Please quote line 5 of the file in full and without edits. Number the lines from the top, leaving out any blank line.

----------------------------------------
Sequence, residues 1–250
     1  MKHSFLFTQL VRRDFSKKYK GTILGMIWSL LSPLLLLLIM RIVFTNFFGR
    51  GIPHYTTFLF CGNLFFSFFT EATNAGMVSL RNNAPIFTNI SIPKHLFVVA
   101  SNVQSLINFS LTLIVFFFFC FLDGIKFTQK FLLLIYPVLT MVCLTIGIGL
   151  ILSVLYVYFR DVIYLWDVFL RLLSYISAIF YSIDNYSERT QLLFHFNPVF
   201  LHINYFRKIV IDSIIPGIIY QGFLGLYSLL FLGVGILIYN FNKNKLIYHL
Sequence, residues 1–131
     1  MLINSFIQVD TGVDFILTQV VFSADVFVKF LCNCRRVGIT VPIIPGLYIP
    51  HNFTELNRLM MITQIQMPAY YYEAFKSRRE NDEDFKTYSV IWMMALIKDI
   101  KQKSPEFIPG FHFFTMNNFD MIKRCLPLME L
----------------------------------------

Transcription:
   151  ILSVLYVYFR DVIYLWDVFL RLLSYISAIF YSIDNYSERT QLLFHFNPVF